8:10-8:15pm Sled Dogs, Northern Lights, and Mushing Tails! with Anna Anderson from Art Unlimited

Anna Anderson is an avid dog lover who owns over 35 sled dogs in Northern MN. Growing up with sled dogs, she and her family now competitively race across North America: training, racing, and traveling for 2-3 months with 20 of her best canine friends across the country! Follow her on Twitter: @boldadgirl

Anna Anderson
8:15-8:20pm Performing a Canine C-Section with Marie Haynes from HIS Web Marketing

Dr. Marie Haynes is recognized as a leader when it comes to dealing with Google penalties and algorithm changes like Panda and Penguin. Prior to her career in SEO, she was a small animal veterinarian for 13 years. It is possible that her strong fear of birds is what launched her in to a new life of battling the Penguins at Google. Follow her on Twitter: @Marie_Haynes

Marie Haynes
8:20-8:25pm Bulltown Strutters: The Band That Married Its City with Mark Traphagen from StoneTemple Consulting

Mark Traphagen is Senior Director of Online Marketing for Stone Temple Consulting. When not disrupting things online, Mark disrupts the sleep of the good citizens of Durham, NC, by making as much noise as possible with the Bulltown Strutters, a New Orleans Second Line style parade band. Follow him on Twitter: @marktraphagen

Mark Traphagen
8:25-8:30pm Okay, I Have a Confession: I Was Homeschooled with Garrett Mehrguth from Directive Consulting

Garrett Mehrguth is digital marketing enthusiast and owner of Directive Consulting, which provides SEO, PPC, and Content for small to mid-market companies. When Garrett’s not in the office, you can catch him playing foosball, surfing, or playing soccer. Follow him on Twitter: @gmehrguth

Garrett Mehrguth
8:30-8:35pm Conquering the 100 Best Books of All Time with Kristen Craft from Wistia

Kristen Craft is Director of Business Development and loves connecting with Wistia’s partner community to spread the word about video marketing. In her spare time, she takes epically long walks, swims in ponds, and brews beer. Follow her on Twitter: @thecrafty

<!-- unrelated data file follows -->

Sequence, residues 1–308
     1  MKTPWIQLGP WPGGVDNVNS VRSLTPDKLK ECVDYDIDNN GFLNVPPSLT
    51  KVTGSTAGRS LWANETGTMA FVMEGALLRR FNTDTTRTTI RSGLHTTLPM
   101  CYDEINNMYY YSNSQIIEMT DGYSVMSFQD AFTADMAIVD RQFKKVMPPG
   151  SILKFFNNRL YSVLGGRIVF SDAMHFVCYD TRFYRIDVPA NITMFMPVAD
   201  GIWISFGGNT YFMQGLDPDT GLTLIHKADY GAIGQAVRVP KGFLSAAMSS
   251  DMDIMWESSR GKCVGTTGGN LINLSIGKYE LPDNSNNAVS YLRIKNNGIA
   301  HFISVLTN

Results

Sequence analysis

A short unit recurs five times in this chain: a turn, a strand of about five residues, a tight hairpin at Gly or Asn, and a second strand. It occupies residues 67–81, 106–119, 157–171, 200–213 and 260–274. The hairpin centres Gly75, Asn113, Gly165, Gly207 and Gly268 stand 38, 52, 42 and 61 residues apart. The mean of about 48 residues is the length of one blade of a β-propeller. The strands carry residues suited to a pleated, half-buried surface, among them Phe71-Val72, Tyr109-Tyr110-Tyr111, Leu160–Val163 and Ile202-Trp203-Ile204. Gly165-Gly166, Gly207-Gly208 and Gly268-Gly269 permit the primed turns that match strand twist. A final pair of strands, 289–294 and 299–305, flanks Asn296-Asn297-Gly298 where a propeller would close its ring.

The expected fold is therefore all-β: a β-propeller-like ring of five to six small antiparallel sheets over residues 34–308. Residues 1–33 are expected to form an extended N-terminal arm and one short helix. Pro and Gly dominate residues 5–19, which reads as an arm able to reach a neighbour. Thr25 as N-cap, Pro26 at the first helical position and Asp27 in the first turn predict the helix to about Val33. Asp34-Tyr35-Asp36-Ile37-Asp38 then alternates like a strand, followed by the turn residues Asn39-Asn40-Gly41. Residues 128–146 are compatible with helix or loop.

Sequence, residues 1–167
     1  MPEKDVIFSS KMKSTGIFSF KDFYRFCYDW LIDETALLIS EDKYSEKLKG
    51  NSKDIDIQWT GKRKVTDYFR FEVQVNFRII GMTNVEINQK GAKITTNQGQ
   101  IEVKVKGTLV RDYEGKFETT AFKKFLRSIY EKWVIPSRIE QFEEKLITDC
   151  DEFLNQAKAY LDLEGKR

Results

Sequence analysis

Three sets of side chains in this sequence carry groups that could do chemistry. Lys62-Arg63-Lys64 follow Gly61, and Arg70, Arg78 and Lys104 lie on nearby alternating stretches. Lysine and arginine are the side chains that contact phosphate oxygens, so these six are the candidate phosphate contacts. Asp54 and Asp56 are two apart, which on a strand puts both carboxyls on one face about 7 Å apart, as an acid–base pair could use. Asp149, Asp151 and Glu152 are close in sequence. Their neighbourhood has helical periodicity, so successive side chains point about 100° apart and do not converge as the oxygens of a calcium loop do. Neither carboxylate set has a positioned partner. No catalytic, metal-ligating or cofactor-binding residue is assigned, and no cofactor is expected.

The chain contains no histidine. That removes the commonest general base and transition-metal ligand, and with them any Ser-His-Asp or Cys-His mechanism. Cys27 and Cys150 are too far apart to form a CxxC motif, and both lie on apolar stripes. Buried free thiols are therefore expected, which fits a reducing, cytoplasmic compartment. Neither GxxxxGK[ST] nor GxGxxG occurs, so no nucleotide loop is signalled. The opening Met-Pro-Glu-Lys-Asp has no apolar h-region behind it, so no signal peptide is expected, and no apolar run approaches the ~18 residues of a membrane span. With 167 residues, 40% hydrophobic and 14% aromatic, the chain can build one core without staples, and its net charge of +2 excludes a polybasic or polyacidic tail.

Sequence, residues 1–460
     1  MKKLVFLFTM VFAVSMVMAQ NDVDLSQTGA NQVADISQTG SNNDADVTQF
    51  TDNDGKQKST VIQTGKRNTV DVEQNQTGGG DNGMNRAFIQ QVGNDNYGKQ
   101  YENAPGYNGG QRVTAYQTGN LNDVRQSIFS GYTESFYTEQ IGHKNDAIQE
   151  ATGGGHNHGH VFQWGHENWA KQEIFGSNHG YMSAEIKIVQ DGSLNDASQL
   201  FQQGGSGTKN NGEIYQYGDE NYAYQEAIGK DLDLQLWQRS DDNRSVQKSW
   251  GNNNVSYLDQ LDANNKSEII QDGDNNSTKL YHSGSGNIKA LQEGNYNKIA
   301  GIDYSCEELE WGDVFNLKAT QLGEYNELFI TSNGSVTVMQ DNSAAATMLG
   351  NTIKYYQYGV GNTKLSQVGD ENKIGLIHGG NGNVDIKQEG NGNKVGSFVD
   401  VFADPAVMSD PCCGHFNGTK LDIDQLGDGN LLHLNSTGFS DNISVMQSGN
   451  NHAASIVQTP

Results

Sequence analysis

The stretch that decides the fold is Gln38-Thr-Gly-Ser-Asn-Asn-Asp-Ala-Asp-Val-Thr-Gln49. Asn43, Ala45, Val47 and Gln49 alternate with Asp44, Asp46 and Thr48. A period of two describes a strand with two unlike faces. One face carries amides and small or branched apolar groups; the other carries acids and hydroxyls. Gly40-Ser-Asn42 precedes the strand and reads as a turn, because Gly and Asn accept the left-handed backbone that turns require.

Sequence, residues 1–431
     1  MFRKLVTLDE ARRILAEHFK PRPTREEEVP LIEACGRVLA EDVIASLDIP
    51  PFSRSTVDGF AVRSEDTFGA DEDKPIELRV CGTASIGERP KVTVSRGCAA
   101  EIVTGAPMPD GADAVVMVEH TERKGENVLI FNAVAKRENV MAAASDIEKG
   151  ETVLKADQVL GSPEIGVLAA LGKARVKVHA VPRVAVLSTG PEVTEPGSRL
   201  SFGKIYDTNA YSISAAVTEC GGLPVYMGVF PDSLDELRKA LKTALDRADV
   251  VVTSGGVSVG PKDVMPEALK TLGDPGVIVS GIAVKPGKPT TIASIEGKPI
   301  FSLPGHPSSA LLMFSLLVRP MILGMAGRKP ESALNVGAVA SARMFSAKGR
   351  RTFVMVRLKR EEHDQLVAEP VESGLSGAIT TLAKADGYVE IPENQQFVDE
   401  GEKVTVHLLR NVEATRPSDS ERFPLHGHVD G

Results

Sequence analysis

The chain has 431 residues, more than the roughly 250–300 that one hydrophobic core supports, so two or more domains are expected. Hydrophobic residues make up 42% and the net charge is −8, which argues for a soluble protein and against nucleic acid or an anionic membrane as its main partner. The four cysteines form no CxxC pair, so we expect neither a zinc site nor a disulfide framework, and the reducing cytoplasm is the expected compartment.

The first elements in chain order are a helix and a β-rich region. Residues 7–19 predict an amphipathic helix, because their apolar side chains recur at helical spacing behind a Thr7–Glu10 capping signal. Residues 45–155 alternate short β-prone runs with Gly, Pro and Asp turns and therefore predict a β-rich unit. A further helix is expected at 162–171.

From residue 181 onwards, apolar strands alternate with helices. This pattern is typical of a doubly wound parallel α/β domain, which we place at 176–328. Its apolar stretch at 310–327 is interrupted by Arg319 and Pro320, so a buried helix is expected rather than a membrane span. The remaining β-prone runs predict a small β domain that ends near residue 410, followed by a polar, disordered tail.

8:35-8:40pm Tales of Coffee from a Kitchen Window with Scott Callender from La Marzocco Home

Scott Callendar is the Director of the newly launched La Marzocco Home. He is the definition of a coffee geek and spends his time away from his job in coffee with his family and thinks more about coffee. Follow him on Twitter: @incognitocoffee

Scott Callender
8:40-8:45pm Go Frost Yourself: 7 Basic Frostings & Their Uses with Annette Promes from Moz

Annette Promes has spent the past two decades in and around Seattle working in various marketing roles. She is currently the CMO at Moz, where she and her teams handle everything that is “funnel-related,” such as driving traffic to Moz’s site, converting that traffic into product trials, and reducing customer churn. Annette really loves frosting. Follow her on Twitter: @ahpromes

Annette Promes
8:45-9:15pm Networking break
9:15-9:20pm A Creative Endeavor Inspires & Lengthens a Life with Ralph Legnini from DragonSearch

Ralph Legnini – Senior Creative Strategist at DragonSearch in NY – is an Aikido 5th Degree Black Belt Sensei, former Saturday Night Live music producer, President of the Board of Education in the 2nd largest school district in New York State, funky rock & roll guitar player, and has worked in the recording studio with music icons Mick Jagger, Madonna, David Bowie, Nile Rodgers, & Todd Rundgren. He used these unique combined skills to create a life sustaining environment for a talented 16-year-old boy with incurable cancer. Follow him on Twitter: @ruaralph2

Ralph Legnini
9:20-9:25pm Finding and Embracing Healthy Eating Habits with Carrie Hill from Ignitor Digital Marketing, LLC

Carrie Hill is the co-founder and technical SEO expert at Ignitor Digital. She loves cooking, eating, reading, and Eddie Vedder…not necessarily in that order. Follow her on Twitter: @CarrieHill

Carrie Hill
9:25-9:30pm I Was Told There Would Be Hoverboards. with Dan Petrovic from DEJAN